My job is waiting, where I must face my own inadequacy or pour myself out for someone else’s benefit. Also, my boss is a jerk.
My relationship is broken – either I am in the wrong or I must forgive someone, or both.
Maybe my dream is crushed, or someone I love is gone, or whatever.
In waking we must eat, shower, tend, work, reconcile, grieve. Even the very best mornings, especially with my small children who can’t do any of this themselves, require a lot of faithful making: make the coffee, make the bed, make an effort to write, make the eggs. This year’s resolutions, even when I rejoiced to make them, have a way of condemning me with my failure to produce, and I think about that in the morning these days, too. It is in these early re-rememberings that God shows he is also in the business of faithful making, with new mercies that come every morning afresh.

 

Remember my affliction and my wanderings, the wormwood and the gall!
My soul continually remembers it and is bowed down within me.
But this I call to mind, and therefore I have hope:
The steadfast love of the Lord never ceases; his mercies never come to an end; they are new every morning; great is your faithfulness. – Lamentations 3:23-25


Mercy is interesting, especially when you’re thinking about hardship and restarts, because I don’t know if we always talk about it rightly. I’ve heard the word used many different ways lately: “Traveling mercies.” The mercy of a quick death.  The severe mercy of loss. The mercy of a parent passing over a child’s punishment. Sometimes mercy is supposed to mean divine protection, or healing, or sovereign guidance. I always think about the older translation of Psalm 23: “Surely thy lovingkindness and mercy shall follow me all the days of my life,” and the dictionary tells me it’s a compassionate forbearance usually shown towards an offender. Let’s be really frank here: Compassion sounds great, but it means “Suffering-with” when we would rather pretend like hard things aren’t there. And then mercy meaning that compassionate forbearance there is “towards an offender”? I don’t like the implications of that last little part very well, either. But this is God’s solution to affliction. It’s not that we can ignore it or that he will necessarily remove it. We have to call hardship what it is to know the fullness of God’s love for us, because maybe this is how we know it doesn’t interrupt His care for us. Fresh mercy for every day means that in any state of sin or sorrow, whatever hits me when my eyes open each morning, God meets me there – no holding back, no matter what. It means I have to show up to whatever difficulty comes to me or I’m going to miss what God is doing for me in it. And it means that in any state of disarray, from my bed to my brokenness, God is faithfully making these messy and hard things new.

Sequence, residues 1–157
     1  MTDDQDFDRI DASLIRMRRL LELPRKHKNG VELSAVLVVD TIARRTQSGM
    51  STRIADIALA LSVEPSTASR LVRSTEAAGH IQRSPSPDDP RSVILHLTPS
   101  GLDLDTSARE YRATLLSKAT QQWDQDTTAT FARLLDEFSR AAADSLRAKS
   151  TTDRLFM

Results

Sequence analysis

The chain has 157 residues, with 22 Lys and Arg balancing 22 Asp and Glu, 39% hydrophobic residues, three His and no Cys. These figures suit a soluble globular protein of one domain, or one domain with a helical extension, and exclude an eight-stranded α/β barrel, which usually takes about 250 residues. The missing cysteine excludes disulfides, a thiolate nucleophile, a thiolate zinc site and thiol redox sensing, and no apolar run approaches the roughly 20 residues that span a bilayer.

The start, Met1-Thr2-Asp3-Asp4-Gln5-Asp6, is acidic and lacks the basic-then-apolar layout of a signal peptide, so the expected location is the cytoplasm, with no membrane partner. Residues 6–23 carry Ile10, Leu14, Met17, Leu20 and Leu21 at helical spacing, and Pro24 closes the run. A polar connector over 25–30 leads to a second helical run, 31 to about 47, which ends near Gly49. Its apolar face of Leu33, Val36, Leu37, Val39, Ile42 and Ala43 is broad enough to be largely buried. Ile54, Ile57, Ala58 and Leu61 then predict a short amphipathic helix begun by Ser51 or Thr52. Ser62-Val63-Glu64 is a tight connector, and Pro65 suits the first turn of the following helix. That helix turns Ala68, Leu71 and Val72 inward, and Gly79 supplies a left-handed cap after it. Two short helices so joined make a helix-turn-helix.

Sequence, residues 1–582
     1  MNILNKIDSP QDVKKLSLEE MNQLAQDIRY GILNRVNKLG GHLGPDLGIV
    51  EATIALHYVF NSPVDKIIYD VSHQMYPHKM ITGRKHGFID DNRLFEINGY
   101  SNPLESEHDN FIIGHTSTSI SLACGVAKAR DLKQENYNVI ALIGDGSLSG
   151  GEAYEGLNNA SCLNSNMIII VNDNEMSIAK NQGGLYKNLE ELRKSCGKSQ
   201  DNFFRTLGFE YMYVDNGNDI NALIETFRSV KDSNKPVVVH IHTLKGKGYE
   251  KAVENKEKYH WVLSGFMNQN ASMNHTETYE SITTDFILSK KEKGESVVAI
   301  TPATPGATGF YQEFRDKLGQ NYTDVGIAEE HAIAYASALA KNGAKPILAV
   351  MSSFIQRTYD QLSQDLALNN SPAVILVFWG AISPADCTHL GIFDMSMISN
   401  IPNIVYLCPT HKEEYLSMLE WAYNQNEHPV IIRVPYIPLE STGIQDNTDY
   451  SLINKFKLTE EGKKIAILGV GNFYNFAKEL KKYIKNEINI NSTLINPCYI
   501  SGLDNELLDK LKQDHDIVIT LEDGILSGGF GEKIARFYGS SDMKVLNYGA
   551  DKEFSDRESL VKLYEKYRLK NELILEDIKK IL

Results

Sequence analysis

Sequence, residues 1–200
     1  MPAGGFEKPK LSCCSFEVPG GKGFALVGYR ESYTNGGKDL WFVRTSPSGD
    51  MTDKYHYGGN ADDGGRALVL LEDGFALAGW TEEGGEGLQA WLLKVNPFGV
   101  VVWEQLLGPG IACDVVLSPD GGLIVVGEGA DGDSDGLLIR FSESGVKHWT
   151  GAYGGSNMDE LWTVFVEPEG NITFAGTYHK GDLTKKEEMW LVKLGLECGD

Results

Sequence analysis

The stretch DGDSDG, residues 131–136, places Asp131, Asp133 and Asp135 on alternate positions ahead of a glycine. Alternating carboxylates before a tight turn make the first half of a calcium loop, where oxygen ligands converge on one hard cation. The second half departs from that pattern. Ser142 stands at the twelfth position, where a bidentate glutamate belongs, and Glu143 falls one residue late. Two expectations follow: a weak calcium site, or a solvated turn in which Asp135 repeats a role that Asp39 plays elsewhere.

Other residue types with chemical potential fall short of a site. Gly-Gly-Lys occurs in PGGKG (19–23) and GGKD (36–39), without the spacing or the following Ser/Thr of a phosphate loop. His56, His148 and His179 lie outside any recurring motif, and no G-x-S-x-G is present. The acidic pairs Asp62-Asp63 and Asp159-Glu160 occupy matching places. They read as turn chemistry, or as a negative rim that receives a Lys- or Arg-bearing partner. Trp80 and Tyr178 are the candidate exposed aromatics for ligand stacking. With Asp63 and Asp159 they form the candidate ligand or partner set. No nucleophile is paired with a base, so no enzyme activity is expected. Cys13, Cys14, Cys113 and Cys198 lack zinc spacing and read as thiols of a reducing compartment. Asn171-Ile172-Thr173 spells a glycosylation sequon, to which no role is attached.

the wormwood & the gall(bladder) || part 1

With over a year of living in Missouri, it’s fair to say this has been a move no one would ever want to relive. Though it came with so many good things, like a new job and a baby, moving is an unpredictable mix of gift and loss. Leaving and remaking home is hard anyway, but many of the details of this move and the rest of our lives this year have been notably challenging. When I was coordinating my recent gallbladder removal surgery (because amid this all I was having painful gallbladder attacks, of course), Aaron kept saying, “This has to be the last thing, right? No more emergencies for a while.” Two weeks later we were stranded with the kids in busy traffic when our van overheated. If this is irreparable, it will require a third vehicle purchase in less than eighteen months.

I am the man who has seen affliction … Remember my affliction and my wanderings, the wormwood and the gall! My soul continually remembers it and is bowed down within me. But this I call to mind, and therefore I have hope: The steadfast love of the LORD never ceases; his mercies never come to an end; they are new every morning; great is your faithfulness. – Lamentations 3:1, 21-23

With physical ailments all around, expensive home repairs and neighborhood problems, and a long haul in cultivating new friendships and community, much of this has been affliction. But it’s also wandering, which feels like wasting, uncertainty, aimlessness, and disconnection – an affliction of it’s own sort, really. Our Minnesota theme was we didn’t see that one coming. So far Missouri’s is we can’t get a break or as thine income, thine emergencies shall be in measure. I said settling in here was going to be full of unknowns, full of newness. That has definitely been the case. 

These new things are hard, but there is also always, always good there, and it has been my practice to keep a gratitude list, recounting God’s gifts in all things. There is something particularly sacred about training our eyes on the way beauty and grace come through in all of life, but there is a difference between talking about redemption through hardship and ignoring hardship all together.